Having enjoyed a cuppa and a snack, we carried on to the next signposted junction with the Huia Ridge track, where we turned left (south). The bush along this track is predominantly regenerating forest - the track was quite overgrown, sometimes to the point where we couldn't see our feet. It seems the track had not had much maintenance work done to it in a while. The track follows (logically) the Huia ridge, and undulates up and down for most of its length - a pleasant walk.  After a short while, surprise no. 3 - a well-constructed, mesh-covered boardwalk, which must have been several hundred metres long. Well done, ARC - made this part of the track an absolute pleasure. About half an hour or so down the Huia Ridge track we came to the first water on this tramp - a small tributary of the Karamatura Stream. We re-filled one of our empty water bottles here (to be used for the next boil-up - not recommended for drinking without boiling). An hour and 15 minutes from the junction with the Twin Peaks track we reached the next signposted junction - the Karamatura Forks. Don't stop here - carry on down the Donald McLean track to the next junction, about 5 minutes further on, with the Bob Gordon and Karamatura tracks. There is a lovely, shady clearing here, where we again made use of our trusty billy, had lunch, as well as a pleasant chat with another couple going in the opposite direction.

We then decided to try the Bob Gordon track, not having walked this before. Initially it went gently downhill, and was also somewhat overgrown with toetoe and cutty grass - we recommend, by the way, that gaiters be worn from mid-January onwards, failing which you will find your socks (and hairy legs, if you have them) covered in hook-grass seeds! To continue, the track progressively became steeper downhill, until we reached the second stream on this tramp, about 15 minutes after the junction. The track then climbs steeply, but soon evens out somewhat before re-joining the Donald McLean Track. Turn right (south) - the track from here on is beautifully benched and metalled, and after 20 minutes, we reached the end of our walk - the car park on Mt Donald McLean. An excellent walk, all in all, which left us with a sense of satisfaction and achievement.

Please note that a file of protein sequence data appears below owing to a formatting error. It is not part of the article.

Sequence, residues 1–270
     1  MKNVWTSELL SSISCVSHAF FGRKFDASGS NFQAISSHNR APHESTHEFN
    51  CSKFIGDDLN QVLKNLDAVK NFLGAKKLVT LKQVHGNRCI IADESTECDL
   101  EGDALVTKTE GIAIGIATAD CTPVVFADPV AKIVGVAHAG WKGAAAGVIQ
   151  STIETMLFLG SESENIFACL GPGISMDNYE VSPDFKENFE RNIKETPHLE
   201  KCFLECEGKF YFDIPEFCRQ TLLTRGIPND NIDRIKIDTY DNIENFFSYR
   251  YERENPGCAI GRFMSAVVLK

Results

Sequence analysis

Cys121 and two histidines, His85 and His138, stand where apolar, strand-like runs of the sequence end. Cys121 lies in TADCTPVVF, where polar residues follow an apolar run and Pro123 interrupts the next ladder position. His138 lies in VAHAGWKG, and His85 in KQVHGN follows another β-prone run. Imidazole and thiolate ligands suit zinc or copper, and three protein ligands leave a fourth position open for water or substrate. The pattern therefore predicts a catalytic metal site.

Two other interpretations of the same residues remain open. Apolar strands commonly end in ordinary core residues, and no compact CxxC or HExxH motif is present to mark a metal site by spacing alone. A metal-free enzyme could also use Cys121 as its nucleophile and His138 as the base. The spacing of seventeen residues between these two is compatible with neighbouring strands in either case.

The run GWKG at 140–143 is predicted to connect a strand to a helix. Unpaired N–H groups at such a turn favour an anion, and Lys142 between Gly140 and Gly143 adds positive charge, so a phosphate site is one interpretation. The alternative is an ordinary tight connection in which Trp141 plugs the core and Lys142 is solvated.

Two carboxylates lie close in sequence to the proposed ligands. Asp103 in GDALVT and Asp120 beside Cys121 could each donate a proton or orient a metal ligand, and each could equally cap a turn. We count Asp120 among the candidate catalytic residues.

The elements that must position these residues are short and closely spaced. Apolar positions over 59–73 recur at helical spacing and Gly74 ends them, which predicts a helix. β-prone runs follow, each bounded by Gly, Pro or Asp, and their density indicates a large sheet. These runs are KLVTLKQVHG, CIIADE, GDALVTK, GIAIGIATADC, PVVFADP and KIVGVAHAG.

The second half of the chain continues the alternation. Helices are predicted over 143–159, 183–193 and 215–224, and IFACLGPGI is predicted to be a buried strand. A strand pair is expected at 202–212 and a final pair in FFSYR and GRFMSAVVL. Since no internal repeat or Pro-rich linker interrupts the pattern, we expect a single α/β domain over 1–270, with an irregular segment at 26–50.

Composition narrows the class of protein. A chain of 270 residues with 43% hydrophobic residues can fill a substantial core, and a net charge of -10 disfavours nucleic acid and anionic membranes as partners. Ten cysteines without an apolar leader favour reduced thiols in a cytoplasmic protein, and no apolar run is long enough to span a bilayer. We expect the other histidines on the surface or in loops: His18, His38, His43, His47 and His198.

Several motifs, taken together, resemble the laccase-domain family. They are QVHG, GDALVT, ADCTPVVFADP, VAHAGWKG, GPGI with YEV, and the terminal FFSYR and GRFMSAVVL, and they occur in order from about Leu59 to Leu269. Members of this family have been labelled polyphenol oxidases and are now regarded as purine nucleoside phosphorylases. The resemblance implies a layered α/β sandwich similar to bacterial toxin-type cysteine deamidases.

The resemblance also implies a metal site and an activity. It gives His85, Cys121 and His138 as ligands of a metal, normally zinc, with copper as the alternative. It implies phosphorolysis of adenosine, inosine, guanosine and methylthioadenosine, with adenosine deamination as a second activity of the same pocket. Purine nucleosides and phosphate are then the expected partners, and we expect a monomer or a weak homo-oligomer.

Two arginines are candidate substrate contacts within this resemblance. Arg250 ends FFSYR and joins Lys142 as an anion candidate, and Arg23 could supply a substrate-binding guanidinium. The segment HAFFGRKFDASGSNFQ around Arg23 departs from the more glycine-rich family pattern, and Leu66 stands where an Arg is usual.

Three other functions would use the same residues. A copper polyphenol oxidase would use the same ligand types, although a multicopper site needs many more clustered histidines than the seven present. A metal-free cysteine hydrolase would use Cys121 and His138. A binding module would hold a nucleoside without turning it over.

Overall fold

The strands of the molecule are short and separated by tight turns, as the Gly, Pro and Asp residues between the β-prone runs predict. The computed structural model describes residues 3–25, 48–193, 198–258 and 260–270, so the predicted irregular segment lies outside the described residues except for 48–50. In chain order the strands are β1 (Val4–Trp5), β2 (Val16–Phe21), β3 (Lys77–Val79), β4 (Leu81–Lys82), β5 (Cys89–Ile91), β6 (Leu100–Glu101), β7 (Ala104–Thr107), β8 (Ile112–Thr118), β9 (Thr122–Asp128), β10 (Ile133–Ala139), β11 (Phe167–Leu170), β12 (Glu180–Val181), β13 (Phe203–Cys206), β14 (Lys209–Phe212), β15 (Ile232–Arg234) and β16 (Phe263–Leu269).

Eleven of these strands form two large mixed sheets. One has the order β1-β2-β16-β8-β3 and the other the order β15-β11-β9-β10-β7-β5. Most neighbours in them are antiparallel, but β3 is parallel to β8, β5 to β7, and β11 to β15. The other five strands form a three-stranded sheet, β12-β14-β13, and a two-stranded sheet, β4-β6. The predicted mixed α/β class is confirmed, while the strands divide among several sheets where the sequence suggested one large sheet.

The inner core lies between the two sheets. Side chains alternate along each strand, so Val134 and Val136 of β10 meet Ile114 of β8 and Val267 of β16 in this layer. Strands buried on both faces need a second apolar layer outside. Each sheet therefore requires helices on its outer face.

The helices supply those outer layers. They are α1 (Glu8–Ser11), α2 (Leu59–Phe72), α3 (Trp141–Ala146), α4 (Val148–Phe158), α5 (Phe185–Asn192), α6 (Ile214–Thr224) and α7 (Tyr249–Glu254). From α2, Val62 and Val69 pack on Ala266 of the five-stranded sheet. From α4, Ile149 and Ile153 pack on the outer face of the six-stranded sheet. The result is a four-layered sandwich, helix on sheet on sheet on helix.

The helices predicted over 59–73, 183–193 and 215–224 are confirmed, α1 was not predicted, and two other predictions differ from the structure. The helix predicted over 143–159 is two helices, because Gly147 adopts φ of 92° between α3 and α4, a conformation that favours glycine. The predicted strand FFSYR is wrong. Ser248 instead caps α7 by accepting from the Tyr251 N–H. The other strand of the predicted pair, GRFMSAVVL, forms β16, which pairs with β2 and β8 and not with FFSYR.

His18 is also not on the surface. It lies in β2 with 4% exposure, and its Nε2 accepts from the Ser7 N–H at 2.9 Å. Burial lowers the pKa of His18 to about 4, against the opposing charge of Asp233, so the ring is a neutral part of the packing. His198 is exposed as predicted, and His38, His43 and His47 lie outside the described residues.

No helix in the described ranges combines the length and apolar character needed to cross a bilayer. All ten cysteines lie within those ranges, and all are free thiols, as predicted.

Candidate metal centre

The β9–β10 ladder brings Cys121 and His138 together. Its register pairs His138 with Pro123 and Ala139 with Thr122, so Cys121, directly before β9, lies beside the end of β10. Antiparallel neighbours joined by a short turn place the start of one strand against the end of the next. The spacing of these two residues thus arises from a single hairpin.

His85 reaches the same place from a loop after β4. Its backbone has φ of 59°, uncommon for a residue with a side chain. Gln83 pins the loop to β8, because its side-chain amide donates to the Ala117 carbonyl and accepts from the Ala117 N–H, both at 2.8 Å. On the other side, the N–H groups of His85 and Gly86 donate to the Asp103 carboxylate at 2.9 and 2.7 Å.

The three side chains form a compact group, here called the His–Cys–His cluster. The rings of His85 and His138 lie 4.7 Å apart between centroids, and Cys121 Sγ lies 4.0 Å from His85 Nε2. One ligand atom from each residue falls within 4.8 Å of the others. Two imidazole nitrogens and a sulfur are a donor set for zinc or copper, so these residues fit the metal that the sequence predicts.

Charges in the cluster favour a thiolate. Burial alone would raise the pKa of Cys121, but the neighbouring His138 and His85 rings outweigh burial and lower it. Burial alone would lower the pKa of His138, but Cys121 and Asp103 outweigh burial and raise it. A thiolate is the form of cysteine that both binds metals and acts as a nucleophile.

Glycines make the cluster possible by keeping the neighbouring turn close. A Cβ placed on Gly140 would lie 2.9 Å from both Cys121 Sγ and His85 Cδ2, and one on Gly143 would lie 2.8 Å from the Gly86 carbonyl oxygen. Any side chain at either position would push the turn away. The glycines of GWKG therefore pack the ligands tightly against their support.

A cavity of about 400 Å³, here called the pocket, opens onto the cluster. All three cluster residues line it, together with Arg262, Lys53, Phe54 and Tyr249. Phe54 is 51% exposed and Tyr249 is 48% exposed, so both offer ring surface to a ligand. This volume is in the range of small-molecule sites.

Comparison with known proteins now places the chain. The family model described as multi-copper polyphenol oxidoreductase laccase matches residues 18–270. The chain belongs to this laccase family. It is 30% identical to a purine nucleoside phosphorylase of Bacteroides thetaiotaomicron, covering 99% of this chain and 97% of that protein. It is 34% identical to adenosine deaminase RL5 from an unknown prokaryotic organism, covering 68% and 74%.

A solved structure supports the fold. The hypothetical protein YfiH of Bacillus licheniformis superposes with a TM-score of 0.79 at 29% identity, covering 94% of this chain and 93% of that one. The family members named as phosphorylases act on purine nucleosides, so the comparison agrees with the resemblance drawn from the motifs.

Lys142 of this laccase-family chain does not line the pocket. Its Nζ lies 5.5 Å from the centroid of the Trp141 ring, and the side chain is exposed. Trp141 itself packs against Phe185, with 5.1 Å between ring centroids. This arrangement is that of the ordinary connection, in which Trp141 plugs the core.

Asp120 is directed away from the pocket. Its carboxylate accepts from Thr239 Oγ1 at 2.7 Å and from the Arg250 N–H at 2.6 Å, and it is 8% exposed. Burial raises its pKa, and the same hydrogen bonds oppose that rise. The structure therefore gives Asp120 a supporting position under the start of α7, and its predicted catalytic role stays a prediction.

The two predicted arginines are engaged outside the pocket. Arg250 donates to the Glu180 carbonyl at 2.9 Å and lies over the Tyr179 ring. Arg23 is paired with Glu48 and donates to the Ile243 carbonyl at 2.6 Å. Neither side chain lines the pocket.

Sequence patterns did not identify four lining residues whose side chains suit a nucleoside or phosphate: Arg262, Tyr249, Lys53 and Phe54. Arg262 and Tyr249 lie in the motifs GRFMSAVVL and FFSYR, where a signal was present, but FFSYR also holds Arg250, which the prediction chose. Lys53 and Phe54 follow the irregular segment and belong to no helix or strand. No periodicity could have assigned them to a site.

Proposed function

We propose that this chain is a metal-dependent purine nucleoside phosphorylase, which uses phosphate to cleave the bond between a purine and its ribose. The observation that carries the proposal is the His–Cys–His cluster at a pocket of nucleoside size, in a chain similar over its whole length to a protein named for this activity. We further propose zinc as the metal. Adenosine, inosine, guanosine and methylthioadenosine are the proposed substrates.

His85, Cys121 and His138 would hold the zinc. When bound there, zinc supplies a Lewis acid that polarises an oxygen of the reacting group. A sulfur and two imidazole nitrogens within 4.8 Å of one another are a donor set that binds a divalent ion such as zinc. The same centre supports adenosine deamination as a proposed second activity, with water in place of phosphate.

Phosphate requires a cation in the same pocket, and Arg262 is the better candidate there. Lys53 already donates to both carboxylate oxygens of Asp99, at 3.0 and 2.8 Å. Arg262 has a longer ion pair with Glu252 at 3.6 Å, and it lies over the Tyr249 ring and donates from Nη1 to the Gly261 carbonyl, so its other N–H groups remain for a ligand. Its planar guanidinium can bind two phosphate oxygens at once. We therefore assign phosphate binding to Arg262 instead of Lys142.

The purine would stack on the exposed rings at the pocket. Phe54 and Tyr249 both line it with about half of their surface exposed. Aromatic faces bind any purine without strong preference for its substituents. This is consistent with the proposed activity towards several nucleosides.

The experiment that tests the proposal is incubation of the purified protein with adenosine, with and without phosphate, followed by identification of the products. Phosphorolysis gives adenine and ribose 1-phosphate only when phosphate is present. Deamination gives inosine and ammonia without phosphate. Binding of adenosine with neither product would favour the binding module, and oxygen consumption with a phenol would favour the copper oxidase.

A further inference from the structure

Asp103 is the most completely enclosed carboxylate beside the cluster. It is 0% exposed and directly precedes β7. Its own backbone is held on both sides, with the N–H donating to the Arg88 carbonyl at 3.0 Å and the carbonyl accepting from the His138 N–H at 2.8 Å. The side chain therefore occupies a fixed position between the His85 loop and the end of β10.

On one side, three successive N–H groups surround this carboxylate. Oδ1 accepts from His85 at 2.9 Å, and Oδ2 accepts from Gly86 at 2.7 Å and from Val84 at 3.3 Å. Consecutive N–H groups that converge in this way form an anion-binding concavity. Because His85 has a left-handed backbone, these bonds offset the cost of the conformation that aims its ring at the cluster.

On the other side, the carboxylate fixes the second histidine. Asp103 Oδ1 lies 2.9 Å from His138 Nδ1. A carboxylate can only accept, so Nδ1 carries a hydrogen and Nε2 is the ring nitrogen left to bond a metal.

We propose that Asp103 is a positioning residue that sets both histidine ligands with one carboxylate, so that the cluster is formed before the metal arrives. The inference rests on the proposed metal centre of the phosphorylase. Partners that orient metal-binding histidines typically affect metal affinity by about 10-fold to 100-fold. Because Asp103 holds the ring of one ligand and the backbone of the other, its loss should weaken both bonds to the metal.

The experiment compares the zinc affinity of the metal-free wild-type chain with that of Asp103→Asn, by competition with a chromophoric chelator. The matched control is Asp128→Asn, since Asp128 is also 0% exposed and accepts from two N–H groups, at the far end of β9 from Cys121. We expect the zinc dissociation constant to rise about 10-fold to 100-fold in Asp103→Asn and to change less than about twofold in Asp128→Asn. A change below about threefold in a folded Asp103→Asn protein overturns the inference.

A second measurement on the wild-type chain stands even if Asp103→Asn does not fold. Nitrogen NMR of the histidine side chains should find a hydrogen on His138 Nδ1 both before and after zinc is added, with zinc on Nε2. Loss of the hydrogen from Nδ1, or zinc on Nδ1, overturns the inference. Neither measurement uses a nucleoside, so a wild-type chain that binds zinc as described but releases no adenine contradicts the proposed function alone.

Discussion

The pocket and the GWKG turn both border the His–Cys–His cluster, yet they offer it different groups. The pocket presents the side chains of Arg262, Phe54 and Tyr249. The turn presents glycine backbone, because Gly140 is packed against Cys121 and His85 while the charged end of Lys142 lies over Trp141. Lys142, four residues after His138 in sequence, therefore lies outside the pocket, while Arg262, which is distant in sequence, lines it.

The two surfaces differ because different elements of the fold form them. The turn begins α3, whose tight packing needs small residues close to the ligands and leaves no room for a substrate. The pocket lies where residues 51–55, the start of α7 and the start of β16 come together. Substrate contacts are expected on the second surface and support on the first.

In conclusion, the total time taken for this walk, stops included, was 6 1/2 hours, maintaining a good steady pace, but not rushing it. In my view this is an excellent training tramp for those wanting a good workout for lengthier and more strenuous excursions. However, take plenty of water - there are only two small streams en route, and they may not always have water in them, especially at the height of summer.

If you are from outside Auckland, do yourself a favour and visit the Arataki Visitor's centre on the road to Piha first, and buy a map of the park - there are many superb walks in the Waitakeres (besides the one described here), well worth doing. The Centre also has many other publications for sale, and is staffed by very helpful and knowledgeable rangers. The Waitakere Ranges RP is a great, well maintained facility so close to Auckland - the ARC has done, and is still doing, a great job here.